Pierre de Coubertin (born Charles Pierre Fredy de Coubertin), Baron de Coubertin, born January 1, 1863 in Paris and died September 2, 1937 in Geneva, Switzerland, was a French historian and pedagogue strongly influenced by Anglo-Saxon culture who particularly campaigned for the introduction of sport in French schools.
In this context, he took part in the emergence and development of sport in France from the end of the 19th century before being the renovator of the Olympic Games of the modern era in 1894 and founding the International Olympic Committee, of which he is the president from 1896 to 1925. During this period, he draws the Olympic rings and installs the headquarters of the IOC in Lausanne in 1915 where he creates a museum and a library. He also campaigned for the creation of the Winter Olympics, the first edition of which took place in Chamonix in 1924.
His interest in the educational field did not go without putting him in competition with the proponents of gymnastics and physical education, closer to the concerns of the Third Republic. His interest in pedagogical innovations across the Channel cannot leave him untouched by the development of French lay scouting either, and he participates in its emergence, again in a context of conflict.
His legendary humanist dimension, finally, is disputed by researchers who, with supporting texts but not without anachronism, detect in him a colonial spirit tinged with racism and an asserted misogyny. However, recent studies seem to give more nuanced opinions. Coubertin is also known for all of his written work, divided between important educational works, most often closely related to sports practices, and historical and political works.
The Fredy family is originally from Rome, Italy. It was in his properties, located on the site of the former gardens of Nero, that the Laocoön group was found on January 14, 1506. Pope Julius II acquires it by granting Felice de Fredis the lifetime levy of the taxes of the San Giovanni gate in Rome.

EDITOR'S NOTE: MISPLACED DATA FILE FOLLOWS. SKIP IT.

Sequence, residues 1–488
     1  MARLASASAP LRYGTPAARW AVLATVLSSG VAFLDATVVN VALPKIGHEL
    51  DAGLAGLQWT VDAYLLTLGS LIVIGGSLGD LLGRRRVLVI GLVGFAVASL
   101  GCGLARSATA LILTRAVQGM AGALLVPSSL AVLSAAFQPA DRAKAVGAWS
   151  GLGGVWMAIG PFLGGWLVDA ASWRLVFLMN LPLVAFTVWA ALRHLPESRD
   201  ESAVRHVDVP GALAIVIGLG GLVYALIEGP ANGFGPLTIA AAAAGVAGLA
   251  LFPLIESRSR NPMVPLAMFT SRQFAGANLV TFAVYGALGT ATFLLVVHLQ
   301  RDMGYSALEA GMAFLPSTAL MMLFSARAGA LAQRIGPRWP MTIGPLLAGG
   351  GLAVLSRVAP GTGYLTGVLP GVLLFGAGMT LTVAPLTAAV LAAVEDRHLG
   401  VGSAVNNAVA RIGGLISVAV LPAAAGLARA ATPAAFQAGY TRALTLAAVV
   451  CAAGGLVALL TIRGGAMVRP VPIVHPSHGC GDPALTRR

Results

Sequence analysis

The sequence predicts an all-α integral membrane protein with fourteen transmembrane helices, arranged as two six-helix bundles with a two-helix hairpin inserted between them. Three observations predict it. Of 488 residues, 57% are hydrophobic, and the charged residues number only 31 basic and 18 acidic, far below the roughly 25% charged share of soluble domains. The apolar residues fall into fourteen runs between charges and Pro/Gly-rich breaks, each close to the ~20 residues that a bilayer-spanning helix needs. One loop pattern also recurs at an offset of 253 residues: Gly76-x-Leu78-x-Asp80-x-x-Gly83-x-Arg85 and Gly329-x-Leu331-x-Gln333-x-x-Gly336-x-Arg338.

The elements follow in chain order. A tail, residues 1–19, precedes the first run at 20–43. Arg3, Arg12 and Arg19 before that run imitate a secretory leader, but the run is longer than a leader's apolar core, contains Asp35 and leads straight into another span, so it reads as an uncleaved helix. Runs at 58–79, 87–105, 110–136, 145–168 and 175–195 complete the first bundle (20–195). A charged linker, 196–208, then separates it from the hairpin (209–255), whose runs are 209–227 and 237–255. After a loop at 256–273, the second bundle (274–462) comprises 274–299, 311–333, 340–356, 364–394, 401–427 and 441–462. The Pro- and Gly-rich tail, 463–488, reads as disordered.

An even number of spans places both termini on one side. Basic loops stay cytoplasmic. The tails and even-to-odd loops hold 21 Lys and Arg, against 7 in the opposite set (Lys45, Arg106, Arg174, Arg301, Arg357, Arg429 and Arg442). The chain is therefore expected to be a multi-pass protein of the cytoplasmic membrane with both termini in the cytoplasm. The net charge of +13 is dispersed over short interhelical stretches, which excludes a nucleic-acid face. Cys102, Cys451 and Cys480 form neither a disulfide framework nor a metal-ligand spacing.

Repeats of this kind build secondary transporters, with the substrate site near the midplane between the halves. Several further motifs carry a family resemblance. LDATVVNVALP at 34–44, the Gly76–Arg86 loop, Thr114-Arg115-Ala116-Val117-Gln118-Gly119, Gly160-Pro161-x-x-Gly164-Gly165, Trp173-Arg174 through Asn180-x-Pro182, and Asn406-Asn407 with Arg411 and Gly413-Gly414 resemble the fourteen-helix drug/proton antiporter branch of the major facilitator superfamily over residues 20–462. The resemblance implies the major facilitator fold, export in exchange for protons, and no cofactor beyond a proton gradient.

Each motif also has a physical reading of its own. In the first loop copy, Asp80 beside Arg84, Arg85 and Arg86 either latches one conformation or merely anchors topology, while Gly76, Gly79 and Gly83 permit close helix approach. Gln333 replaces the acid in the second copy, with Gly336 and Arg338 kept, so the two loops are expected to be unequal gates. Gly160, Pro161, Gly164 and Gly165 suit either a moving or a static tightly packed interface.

The founder of the French branch of the Fredy family, originally from Rome, is Alphonse Fredy, listed before 1523, as the king's lawyer, in the bailiwick of Montfort-Lamaury. His grandson, Jean Fredy (1593-1677), squire, Lord of Coubertin, was a lawyer in the Parliament of Paris. He bought land from Coubertin in Saint-Rémy-lès-Chevreuse. He was ennobled by letter patent in 1629 and maintained in the nobility in 1668. The Coubertin family's coat of arms is an azure shield with nine gold shells (3, 3, 2 and 1) and its motto Voir loin, parle frank, act firm.
Baron Pierre de Coubertin is the son of Charles Fredy, Baron de Coubertin (1822-1908), painter in Paris, decorated with the Legion of Honor for his work in 1865, and Agathe Marie-Marcelle Gigault de Crisenoy , heiress of the castle of Mirville (Seine-Maritime), in Normandy, where Pierre spent his childhood.
The two descendants of Pierre de Coubertin and his wife, Marie Rothan (1862-1963), Jacques (1896-1952) and Renée (1902-1968), natives of Lausanne, remained unmarried. The Fredy de Coubertin family was part of the surviving families of the French nobility in 2007 through a cousin branch of that of Baron de Coubertin who settled in Brittany.
Born on January 1, 1863 at no. 20 rue Oudinot, in the 7th arrondissement of Paris, Pierre de Coubertin studied from 1874 to 1881 with the Jesuits of the Saint-Ignace school, rue de Madrid, where he seemed destined to the profession of arms. He passed his baccalaureate in letters in 1880 and in science in 1881. Eligible for Saint-Cyr, he then ruled out a military career and enrolled in 1882 at the École libre des sciences politiques, where he obtained the title of bacheli.